Steele, who surprised even his closest aides by seeking re-election, was undeterred as he presided over the RNC's winter meeting, perhaps for the last time.

"I want to thank you so much for the chance to serve at a time when our party was changing, struggling to grow, regain its footing, find its voice, reconnect with people and to stand proud again," he told the 168 committee members before voting started. Eighty-five votes are needed for victory.

A telegenic though gaffe-prone party leader, Steele registered some level of public support as voting began. But many committee members were keeping their intentions private and several rounds of votes were expected, making it tough to predict the winner.

Steele argues that he should be re-elected because of the GOP's record of coast-to-coast victories while he was chairman last fall, including winning control of the House. But he doesn't mention that Republican operatives formed a network of outside groups that adopted traditional national party functions out of a concern about the RNC's ability under Steele to raise money and deploy resources to key races.

Steele's challengers were: Reince Priebus, the Wisconsin Republican Party chairman who ran Steele's chairmanship bid in 2009; Maria Cino, a New York native and a veteran party operative who served in the Bush administration; Ann Wagner, a former Missouri state GOP chair who once was an ambassador under George W. Bush; and Saul Anuzis, a former chairman of the Michigan Republican Party who lost to Steele two years ago.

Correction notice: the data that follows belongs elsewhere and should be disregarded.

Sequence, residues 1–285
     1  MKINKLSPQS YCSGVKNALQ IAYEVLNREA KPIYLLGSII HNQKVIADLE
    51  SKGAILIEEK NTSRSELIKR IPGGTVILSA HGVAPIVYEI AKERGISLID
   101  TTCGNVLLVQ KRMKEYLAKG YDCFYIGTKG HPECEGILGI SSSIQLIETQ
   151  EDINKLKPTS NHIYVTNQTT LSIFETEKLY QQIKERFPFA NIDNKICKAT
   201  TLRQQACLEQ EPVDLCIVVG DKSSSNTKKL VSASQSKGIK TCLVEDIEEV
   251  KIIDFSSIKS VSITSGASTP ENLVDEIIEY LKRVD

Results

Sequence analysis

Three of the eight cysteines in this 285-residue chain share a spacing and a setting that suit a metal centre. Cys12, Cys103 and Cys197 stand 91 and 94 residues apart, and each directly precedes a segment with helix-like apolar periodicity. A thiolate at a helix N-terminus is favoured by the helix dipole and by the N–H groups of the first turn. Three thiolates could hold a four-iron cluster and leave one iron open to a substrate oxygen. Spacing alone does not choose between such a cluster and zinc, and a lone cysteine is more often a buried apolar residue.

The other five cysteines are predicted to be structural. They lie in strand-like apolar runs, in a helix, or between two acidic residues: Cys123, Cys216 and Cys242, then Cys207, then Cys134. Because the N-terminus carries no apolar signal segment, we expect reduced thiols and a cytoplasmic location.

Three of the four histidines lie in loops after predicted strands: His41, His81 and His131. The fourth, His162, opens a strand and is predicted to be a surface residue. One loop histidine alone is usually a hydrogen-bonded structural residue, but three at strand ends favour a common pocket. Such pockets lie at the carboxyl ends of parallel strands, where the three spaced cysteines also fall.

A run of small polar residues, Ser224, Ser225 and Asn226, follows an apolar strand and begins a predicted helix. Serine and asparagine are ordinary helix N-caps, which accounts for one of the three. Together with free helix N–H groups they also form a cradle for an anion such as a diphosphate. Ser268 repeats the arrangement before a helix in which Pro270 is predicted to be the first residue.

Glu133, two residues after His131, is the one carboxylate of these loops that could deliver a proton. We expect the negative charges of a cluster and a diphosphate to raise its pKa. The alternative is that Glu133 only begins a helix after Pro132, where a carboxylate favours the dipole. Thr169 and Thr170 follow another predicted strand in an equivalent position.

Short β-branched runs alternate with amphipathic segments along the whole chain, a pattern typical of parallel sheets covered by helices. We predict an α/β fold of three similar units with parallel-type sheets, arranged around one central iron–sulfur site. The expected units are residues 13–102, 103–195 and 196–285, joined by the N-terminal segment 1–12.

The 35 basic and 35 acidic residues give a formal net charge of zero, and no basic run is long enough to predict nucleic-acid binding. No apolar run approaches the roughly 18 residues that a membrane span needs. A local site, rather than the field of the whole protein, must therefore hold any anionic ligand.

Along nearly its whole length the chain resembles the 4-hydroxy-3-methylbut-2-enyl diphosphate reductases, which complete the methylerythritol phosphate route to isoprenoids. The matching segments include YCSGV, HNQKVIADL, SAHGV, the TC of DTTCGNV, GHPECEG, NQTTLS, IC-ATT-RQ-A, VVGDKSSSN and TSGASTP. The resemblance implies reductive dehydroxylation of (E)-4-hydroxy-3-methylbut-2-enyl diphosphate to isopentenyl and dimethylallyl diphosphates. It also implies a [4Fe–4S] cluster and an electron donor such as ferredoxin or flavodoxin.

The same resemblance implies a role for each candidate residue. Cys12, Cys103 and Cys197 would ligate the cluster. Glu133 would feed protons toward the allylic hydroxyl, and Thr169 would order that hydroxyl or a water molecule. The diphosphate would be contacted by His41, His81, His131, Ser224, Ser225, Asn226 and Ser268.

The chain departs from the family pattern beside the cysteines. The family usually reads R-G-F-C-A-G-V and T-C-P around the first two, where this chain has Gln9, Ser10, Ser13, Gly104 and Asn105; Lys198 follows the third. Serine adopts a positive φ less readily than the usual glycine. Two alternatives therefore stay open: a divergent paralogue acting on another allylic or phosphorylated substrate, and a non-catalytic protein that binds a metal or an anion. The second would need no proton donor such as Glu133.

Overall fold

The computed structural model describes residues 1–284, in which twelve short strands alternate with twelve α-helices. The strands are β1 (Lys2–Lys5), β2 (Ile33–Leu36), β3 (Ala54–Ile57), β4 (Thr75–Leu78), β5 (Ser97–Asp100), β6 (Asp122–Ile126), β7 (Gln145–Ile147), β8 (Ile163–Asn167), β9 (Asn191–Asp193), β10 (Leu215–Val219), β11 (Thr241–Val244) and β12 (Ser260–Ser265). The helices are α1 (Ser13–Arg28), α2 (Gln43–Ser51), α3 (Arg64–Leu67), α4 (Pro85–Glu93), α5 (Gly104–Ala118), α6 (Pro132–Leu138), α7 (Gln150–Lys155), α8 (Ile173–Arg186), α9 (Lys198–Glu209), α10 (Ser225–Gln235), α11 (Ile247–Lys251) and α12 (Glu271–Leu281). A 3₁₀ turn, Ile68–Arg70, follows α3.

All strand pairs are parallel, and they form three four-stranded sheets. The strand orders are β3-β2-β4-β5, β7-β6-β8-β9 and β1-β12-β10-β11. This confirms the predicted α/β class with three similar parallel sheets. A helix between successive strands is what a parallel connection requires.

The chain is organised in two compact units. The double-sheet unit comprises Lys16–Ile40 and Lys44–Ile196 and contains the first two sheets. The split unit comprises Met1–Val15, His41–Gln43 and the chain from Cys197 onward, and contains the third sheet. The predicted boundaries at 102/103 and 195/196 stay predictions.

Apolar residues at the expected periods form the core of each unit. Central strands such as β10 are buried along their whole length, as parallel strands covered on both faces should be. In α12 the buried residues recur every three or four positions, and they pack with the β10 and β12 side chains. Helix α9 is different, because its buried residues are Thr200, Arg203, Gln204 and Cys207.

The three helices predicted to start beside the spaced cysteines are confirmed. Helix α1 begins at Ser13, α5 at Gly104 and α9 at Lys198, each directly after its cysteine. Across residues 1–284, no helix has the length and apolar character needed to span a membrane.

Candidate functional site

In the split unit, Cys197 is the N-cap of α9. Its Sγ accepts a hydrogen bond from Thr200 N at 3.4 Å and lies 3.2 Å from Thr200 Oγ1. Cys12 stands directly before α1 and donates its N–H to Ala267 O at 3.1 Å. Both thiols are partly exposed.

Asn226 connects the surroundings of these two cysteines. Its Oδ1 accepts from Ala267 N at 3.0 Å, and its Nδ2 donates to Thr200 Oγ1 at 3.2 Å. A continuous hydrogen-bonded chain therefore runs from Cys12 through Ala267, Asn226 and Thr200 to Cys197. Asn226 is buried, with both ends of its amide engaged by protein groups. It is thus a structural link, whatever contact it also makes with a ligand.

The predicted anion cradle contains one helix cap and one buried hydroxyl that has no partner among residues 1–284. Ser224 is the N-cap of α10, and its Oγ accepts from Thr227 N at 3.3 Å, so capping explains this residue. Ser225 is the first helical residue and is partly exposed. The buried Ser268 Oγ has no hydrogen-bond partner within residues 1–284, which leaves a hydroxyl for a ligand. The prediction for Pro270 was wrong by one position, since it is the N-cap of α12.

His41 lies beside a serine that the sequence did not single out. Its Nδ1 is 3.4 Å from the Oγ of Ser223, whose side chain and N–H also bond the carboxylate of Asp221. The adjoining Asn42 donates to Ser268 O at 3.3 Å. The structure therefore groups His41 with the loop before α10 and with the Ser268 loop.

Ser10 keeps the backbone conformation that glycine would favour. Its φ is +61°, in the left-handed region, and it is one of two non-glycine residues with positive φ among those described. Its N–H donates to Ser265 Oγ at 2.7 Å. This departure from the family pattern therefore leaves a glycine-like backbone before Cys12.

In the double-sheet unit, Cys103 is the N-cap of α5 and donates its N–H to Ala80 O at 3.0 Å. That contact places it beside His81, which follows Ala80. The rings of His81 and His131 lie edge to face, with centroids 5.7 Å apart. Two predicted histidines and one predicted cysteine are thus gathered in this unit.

The victor will be tasked with running the top Republican Party organization in the country.

The job includes serving as the leading spokesman promoting the party's agenda and countering that of Democrats, raising money to help Republicans win in the next elections, and beefing up a get-out-the-vote effort that critics say languished under Steele.

Most urgently, the new chairman must retire an RNC debt of nearly $22 million owed to vendors and banks, as well as lure back demoralized donors who have been so frustrated with Steele's management that they sent their dollars elsewhere or didn't open their wallets at all last year. The party had only about $1 million cash on hand at year's end.

The next leader also will have to figure out how to navigate a GOP civil war in which conservatives and tea party disciples are trying to pull the Republican Party even further to the right, much to the chagrin of moderates and some longtime establishment leaders.

The first black to lead the Republican Party, Steele was a party outsider elected to a two-year term in January 2008 just as Obama - the country's first black president - was taking office.

Since then, Steele, the former lieutenant governor of Maryland, has spent much of his tenure fending off criticism. He faced frequent complaints about questionable spending, anemic fundraising, staff shake-ups and cringe-inducing comments.

Longtime establishment Republicans and GOP elders in Washington argued that he damaged the party's image and its long-term fiscal health.

Steele angered them by predicting the GOP wouldn't win House control last fall; Republicans did win. He also drew their ire when he criticized fellow Republicans in a book that GOP leaders didn't know he was writing until it was published.

He lashed out at critics, telling them to "get a life" and "shut up." Steele also drew fire for giving $20,000 to the GOP in the Northern Mariana Islands, and for collecting payment for his speeches.

Demands for him to resign came last year after the disclosure that RNC money was spent on a $2,000 tab at a sex-themed California night club, and when he said that the 9-year-old conflict in Afghanistan was a mistaken "war of Obama's choosing." It began under Bush.